What’s Happening on the Homestead: The Family Larder

cold frame gardening

We’re busy preparing our homestead for winter from preserving food to putting up cold frames (pictured) to protect our harvest.

October is when we are near the end of gathering and preserving food for the winter ahead. In olden days, this cache of food squirreled away was sometimes called a larder and had enough sustenance for a family to stay well fed till spring. In our modern times, many folks depend on the super market to be their sole larder and expect the shelves to always be full. However, in the event of a political crisis, natural disaster or other disruption that might not be the case. When preparedness guru Kathy Harrison visited Lehman’s this fall, she shared that we are 9 meals away from anarchy if a disaster would hit because people today simply do not have that amount of food stored at home. Financial advisors often suggest keeping a 2-3 month emergency cash fund and perhaps everyone should wisely consider having a 2-3 month supply of food on hand for their family. Continue reading

Living Off Grid 101: Food

Doug & Stacy with pumpkins

Doug and Stacy from YouTube Channel, OFF GRID with DOUG & STACY

Editor’s Note: Welcome back our special guest bloggers, Doug and Stacy. Today they conclude their four-part series of living off grid with one very important topic – food. 

“Get closer to your food.” For eight years, we have been on the quest to do just that. Now when we say “quest”, we mean that we sold everything, left the city life and built a log cabin from scratch. We decided that we wanted to slow down and be more intentional with our time and our health. On our 11 acres in the Midwest, we have begun the journey. In this day and age of toxic food sources, we wanted actions to speak louder than words. We wanted to be in charge of where their food came from, how it was treated, and what went in it. Continue reading

Canning In A Small Kitchen

Enamelware CannerAt the point when you have (almost) eaten your fill of fresh produce, but still see tomatoes coming off the vine or onto the tables of your local farm stand, it’s probably time to consider putting some up for the cold season. There are no shortage of articles, books, and personal advice on how best to put food by, and I am nary an expert. Rather, I am a mother and a home cook who prefers to use seasonal ingredients year-round. In summer it’s easy to eat seasonally—corn on the cob is a meal in its own right! But when we are deep into February and I have exhausted every potato recipe I know, it pays to have cans of bright red tomatoes tucked away for just such an occasion. If it feels too cumbersome to can tomatoes in the heat of summer, remember: come winter, you will thank you. Continue reading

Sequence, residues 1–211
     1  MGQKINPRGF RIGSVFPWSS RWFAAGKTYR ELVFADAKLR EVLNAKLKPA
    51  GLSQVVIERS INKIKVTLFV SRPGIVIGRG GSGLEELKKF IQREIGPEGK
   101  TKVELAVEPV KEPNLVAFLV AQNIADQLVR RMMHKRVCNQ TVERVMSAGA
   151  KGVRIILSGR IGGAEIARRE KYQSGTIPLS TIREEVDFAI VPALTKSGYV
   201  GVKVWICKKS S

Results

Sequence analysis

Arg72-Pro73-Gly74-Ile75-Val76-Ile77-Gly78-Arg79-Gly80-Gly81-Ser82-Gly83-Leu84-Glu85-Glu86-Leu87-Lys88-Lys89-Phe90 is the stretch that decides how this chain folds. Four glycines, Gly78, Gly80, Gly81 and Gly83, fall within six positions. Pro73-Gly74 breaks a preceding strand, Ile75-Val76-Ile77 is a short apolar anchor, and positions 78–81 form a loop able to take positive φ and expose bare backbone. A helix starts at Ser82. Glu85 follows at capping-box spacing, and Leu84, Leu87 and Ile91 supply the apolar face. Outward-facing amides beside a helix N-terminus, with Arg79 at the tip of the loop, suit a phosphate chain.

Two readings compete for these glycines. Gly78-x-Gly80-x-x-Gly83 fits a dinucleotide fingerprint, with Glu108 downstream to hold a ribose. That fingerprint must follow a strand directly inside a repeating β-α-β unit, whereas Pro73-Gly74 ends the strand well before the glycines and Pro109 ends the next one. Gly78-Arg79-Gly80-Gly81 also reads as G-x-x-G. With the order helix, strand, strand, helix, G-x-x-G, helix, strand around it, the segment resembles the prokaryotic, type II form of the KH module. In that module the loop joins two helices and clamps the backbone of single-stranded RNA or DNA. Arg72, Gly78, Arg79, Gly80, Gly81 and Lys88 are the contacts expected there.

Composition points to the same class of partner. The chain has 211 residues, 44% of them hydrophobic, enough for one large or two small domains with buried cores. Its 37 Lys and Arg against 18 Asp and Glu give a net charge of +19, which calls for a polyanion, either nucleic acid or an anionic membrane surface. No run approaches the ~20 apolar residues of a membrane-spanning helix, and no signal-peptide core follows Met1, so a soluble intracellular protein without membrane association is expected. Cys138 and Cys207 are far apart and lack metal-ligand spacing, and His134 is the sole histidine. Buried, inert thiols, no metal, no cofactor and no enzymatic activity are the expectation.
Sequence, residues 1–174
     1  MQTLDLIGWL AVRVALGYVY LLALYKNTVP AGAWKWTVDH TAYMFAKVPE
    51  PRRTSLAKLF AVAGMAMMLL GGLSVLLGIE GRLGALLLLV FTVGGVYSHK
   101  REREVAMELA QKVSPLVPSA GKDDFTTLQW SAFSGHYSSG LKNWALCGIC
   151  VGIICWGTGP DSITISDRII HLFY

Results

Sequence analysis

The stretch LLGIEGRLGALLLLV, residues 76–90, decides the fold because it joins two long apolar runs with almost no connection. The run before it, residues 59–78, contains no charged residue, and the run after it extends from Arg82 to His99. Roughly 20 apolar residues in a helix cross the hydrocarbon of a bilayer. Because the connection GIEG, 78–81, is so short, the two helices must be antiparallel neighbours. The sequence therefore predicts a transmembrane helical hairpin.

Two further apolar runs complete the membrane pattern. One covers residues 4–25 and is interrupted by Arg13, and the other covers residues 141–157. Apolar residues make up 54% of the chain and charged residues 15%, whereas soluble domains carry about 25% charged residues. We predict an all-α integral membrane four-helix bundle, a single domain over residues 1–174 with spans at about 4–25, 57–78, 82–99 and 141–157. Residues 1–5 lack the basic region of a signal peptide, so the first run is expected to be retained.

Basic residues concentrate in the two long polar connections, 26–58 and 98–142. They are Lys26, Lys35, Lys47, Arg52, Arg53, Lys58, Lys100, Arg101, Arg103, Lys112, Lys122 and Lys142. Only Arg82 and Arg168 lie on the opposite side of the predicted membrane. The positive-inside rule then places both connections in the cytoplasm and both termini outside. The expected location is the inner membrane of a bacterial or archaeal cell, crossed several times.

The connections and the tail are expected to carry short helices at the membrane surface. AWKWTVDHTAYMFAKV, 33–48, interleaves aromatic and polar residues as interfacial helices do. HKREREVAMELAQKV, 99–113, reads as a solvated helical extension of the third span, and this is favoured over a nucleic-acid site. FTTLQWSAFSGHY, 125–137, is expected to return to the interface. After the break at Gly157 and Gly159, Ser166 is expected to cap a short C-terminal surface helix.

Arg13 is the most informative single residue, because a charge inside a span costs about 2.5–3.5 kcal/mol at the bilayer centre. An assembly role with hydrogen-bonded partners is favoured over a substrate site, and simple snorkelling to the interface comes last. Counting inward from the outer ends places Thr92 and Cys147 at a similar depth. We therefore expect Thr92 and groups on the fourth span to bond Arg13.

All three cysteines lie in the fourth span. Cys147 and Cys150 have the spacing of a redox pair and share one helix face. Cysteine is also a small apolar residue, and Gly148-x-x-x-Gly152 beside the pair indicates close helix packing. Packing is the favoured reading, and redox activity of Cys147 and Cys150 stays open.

Cold-Packed Sweet Dill Pickles: Canning Without a Pressure Canner or Jar Prep!

sweet dill pickles ready to enjoyBrie, turkey, hummus. As random as it sounds, all three of these things are pairings our family has loved to enjoy with fresh dill pickles. Continue reading

Canning for Beginners: 10 Things To Know Before You Start

canning jars with toolsMy dear friend, Sarah, is new to the homestead life and there is a lot she wants to learn. Canning tops the list. She asked me recently what the most important things were for her to consider before she begins. I came up with this list. Continue reading